by Suzanne Labry
A Quilter’s Story
When Chuck Threat was a little boy growing up in Chicago, his grandmother, Leola Simmons, cared for him while his mother went to work. Money was tight and the utility quilts Leola made were essential for keeping the family warm.
She gave her grandson the job of threading needles for her, a time-honored strategy of busy women needing to get things done while keeping a child occupied. As long as Leola lived, she continued to provide Chuck with love and support, even scraping up enough from her tight household budget to send him a dollar a month when he went off to college.
Currently enamored with Civil War quilts, Chuck has completed two tops made from reproduction fabrics. Photo by Alex Labry.
Although Leola died long ago, to this day—Chuck is 78 years old—she remains a powerful influence in his life. About five years ago, Chuck took up quilting himself, and although Leola never specifically taught him how to quilt, his memory of her plays a role in his new passion. “I always think about her when I’m making a quilt,” he says.
Interestingly enough, it was another man who (re)ignited Chuck’s interest in quilting. While on a vacation visiting National Parks throughout the United States, Chuck and his wife stopped in the tiny town of La Veta, Colorado, where they saw some beautiful quilts on display. Completely by chance, they had happened upon the art quilt studio of none other than one of the quilt world’s true ambassadors, Ricky Tims. Chuck was captivated not only by Tims’ quilts, but also by his generosity in spending time talking about them with a complete stranger.
That serendipitous meeting whetted Chuck’s imagination and he left La Veta determined to learn more about quilting. He bought how-to quilting books and read as much as he could, but quickly realized that he didn’t possess even the most rudimentary sewing skills.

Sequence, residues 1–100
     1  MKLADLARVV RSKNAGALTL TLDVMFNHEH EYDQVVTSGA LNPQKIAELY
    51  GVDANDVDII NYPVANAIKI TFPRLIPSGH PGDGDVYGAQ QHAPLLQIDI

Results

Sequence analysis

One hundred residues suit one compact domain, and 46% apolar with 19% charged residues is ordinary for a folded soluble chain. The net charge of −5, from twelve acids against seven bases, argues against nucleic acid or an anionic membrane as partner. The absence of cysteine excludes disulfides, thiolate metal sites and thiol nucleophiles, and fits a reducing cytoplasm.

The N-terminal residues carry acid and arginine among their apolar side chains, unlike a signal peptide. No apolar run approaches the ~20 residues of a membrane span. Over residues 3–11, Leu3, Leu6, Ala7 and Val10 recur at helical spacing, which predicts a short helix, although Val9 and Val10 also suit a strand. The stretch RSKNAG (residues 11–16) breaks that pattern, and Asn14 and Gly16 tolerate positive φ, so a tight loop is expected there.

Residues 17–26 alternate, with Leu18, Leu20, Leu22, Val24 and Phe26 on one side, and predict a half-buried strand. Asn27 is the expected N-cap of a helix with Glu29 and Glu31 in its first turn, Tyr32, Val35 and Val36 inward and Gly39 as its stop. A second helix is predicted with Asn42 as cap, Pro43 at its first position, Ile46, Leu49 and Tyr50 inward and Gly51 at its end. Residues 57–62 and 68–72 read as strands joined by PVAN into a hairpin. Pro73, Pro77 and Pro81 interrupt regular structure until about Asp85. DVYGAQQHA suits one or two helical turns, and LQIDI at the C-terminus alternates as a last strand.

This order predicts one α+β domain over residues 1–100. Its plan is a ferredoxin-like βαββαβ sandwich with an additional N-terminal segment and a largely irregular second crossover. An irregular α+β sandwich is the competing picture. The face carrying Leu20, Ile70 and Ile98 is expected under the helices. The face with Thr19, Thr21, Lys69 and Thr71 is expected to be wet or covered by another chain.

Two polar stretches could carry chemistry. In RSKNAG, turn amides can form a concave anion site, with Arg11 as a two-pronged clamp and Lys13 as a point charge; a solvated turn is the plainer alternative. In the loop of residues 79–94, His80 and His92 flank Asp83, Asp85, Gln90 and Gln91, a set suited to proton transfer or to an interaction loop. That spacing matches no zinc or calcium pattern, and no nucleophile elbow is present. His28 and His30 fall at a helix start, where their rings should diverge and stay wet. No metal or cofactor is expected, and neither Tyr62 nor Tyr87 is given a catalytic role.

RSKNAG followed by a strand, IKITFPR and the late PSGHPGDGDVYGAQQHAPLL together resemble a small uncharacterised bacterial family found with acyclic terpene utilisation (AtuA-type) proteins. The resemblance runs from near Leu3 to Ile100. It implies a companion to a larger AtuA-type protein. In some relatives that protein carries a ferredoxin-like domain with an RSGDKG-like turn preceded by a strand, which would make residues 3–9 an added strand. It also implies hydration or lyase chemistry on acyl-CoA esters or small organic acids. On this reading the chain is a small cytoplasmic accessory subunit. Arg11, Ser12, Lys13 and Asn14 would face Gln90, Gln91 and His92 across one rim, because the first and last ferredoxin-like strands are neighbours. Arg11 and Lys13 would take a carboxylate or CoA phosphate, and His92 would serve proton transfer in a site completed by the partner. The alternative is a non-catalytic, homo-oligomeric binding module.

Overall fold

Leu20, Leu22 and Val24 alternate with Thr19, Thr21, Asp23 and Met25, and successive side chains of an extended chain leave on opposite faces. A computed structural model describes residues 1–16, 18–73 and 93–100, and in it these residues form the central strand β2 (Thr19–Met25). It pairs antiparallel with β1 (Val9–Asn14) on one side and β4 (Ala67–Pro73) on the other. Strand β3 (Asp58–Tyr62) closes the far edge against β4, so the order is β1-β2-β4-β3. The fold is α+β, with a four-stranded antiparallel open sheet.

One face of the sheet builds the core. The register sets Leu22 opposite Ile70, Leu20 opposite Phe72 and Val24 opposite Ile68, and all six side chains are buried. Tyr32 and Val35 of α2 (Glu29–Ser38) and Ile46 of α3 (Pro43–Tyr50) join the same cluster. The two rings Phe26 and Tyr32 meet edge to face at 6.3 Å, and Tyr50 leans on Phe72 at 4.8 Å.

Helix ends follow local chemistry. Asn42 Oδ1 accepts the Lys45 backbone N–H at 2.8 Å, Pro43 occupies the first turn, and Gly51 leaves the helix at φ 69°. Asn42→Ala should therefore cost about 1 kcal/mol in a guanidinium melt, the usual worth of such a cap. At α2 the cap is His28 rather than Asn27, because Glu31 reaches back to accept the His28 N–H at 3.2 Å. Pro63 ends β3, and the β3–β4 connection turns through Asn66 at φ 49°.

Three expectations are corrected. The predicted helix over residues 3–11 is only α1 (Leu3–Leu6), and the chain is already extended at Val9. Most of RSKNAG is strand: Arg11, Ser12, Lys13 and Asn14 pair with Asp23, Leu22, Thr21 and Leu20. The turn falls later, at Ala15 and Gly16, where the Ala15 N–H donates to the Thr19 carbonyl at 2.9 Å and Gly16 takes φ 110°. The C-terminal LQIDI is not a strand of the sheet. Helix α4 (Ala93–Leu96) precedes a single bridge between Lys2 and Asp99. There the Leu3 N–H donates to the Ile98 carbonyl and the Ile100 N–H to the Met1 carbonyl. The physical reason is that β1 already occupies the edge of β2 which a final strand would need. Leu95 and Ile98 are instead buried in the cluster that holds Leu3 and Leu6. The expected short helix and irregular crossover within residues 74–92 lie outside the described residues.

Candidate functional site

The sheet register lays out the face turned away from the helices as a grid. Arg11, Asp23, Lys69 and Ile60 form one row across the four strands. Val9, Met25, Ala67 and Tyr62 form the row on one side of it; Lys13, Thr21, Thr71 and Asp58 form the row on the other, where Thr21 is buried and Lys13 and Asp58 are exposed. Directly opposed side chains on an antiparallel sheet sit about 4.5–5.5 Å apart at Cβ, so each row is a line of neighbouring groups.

To remedy that, Chuck, who had a long career working all over the world for IBM as a product manager before retiring, took a minimum-wage job as a clerk at his local Jo-Ann Fabric and Craft Store. He worked there for a year, learning all about fabric, sewing machines, and quilting tools. Obviously, this is a man who, once he sets his mind to something, doesn’t give up!
Chuck now owns three Berninas, a Janome, and his mother’s old Singer. He has made some 15 quilts, mostly king-sized, and has plenty of UFOs as well. Currently enamored with Civil War quilts, he has completed two tops made from reproduction fabrics.
His next project is a complex Judy Niemeyer design for his wife, and he has plans to make special quilts for each of his children and grandchildren. Chuck regularly attends the International Quilt Festival in Houston for inspiration. He has a studio with a design wall and is getting ready to break away from doing traditional patterns and start designing his own.
“I can’t remember a time when I didn’t have a hobby of some sort,” Chuck offers. “I’ve done photography, gotten involved with remote control planes, and spent many years as a woodworker. Although quilting reminds me of woodworking because the design and construction processes are similar, quilting is a lot more personal than furniture—and fabric is a lot more forgiving than wood!”
One has to wonder when this busy man finds time to do all that he does. Around the same time he started quilting, Chuck also took up cycling. He now rides 15 or 20 miles several times a week and attended the Tour de France this summer with several European friends to view various stages of the race. Somehow he managed to fit in French lessons prior to the trip.
Were she still alive, Chuck’s grandmother would be amazed by what her grandson has accomplished. Leola no doubt would have been most proud of that little boy who threaded needles for her so that she could get her quilting done.